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4.25.2012

LESS IS MORE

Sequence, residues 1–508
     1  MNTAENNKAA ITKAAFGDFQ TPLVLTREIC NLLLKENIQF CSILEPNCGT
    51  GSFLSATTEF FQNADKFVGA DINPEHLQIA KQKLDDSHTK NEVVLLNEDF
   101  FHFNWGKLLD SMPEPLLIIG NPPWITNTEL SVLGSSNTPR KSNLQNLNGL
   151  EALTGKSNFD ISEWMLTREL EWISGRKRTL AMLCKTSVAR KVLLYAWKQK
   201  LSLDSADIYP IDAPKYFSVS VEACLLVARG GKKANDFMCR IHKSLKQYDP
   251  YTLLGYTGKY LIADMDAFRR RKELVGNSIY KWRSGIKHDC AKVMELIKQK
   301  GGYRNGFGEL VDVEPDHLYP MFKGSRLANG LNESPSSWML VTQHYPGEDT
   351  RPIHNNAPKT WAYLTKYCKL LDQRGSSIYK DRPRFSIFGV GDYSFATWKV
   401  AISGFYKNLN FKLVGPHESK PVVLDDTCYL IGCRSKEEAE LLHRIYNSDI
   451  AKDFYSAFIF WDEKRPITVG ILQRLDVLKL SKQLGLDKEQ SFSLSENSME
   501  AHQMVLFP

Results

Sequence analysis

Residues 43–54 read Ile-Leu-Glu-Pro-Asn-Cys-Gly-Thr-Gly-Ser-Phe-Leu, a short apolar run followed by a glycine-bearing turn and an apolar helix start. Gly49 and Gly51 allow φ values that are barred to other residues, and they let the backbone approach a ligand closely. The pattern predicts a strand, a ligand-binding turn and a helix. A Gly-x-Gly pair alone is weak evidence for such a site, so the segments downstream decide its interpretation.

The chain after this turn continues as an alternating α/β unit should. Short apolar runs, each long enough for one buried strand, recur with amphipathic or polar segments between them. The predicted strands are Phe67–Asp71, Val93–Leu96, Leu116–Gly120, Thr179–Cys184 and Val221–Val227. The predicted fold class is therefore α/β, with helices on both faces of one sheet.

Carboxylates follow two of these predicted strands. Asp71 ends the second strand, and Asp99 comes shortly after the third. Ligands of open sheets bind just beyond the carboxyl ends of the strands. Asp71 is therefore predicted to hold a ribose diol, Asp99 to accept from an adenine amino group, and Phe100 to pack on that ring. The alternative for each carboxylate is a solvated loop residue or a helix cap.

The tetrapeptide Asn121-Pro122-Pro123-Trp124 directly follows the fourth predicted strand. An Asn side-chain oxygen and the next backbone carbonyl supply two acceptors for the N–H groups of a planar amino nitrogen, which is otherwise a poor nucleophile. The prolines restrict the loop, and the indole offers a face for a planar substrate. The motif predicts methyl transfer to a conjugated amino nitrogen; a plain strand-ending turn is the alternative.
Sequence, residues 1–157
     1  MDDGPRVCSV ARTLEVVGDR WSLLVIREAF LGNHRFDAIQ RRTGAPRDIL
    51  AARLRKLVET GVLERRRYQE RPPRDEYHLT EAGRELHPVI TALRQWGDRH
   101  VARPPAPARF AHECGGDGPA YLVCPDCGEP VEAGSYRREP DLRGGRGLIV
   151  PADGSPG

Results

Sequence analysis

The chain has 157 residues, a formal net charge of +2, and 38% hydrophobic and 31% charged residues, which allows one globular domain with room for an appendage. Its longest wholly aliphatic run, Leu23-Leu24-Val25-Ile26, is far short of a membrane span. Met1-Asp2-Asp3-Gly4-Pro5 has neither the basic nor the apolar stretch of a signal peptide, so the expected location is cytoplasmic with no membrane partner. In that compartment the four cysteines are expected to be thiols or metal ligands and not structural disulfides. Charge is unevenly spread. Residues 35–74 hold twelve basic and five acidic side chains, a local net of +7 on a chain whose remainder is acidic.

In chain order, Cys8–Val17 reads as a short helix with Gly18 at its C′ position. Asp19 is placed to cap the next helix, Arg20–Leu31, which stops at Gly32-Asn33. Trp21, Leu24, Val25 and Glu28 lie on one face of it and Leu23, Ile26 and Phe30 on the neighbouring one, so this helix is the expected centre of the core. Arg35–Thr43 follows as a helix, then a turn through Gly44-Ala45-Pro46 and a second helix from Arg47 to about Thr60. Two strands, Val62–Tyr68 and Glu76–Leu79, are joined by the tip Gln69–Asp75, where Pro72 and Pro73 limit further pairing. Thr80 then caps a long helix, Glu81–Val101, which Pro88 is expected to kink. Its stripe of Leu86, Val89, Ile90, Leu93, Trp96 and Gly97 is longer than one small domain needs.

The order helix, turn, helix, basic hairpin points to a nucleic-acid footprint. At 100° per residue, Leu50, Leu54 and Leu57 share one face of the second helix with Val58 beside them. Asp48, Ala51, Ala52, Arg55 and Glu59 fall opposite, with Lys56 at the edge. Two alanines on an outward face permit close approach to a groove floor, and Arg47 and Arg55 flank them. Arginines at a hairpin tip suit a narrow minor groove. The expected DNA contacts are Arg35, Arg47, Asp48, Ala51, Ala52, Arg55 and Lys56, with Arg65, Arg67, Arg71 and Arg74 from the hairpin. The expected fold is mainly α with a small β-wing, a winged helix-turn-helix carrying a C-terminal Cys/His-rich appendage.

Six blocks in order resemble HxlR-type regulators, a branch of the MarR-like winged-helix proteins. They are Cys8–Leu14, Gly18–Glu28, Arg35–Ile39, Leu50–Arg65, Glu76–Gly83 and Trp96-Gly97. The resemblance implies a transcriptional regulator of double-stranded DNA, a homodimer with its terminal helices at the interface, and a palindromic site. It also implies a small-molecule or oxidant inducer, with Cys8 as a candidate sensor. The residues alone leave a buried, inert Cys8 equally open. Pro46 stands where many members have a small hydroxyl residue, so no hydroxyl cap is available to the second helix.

Driving home from work yesterday I spotted a sign.  It was one of those signs that permanently displays the name of the business at the top, but below leaves blank space for changeable words.  I smiled at what it said, "TO HAVE MORE, WANT LESS".  Simple.  Direct. No hidden meanings.  I liked that train of thought.  It was brilliant.  I suppose as a business owner, no matter if the words compliment your venue or not, you have the freedom to put whatever the hell you want on your sign.  The saying really was counter-productive to what most businesses want - YOU TO WANT MORE.  They want you to spend money.  That is in fact how they earn their living.  So, for that reason as well, I found it doubly intriguing.  Maybe it was reverse psychology on the part of the business owner.  You know, you appeal to the opposite thoughts of what a consumer expects you to do and it ends up getting you what you want - more sales.  That too is brilliant.  I felt like I wanted to stop in, not to buy anything of course, but to congratulate him or her on their innovative marketing angle and reposian inspired statement.  I found the words refreshing.  In a world of hurried, get to the top, achieve, get-more-acquireishness, it was a respite of calm.  A reminder that simple sometimes is better.  Less to manage.  Less to become obsessed with.  Less to keep us on the hamster wheel wanting and needing more to take care of the wants we already have or will have in the future.  That phrase spoke about perspective.  What is abundance?  What is enough?  Who determines the standard for more?  What is more?  Who said more is better than less in many areas?  Boobs included!  It showcased the concept of contentment.  Contentment is not a more seeker, a look to the future sort of heart and mind condition.  Contentment is a life marked by being present with what you have where you are.  It is marked with seeking peace to live fully where your ass is parked, what your money will buy, in what you find your hand doing.  I am a minimalist, a simpleton, a purist who sees less in all areas of my life as a kind of freedom.  It reduces distractions and allows me to focus on the things that don't need cataloging, storing or carrying with me inside the rest of my life. 

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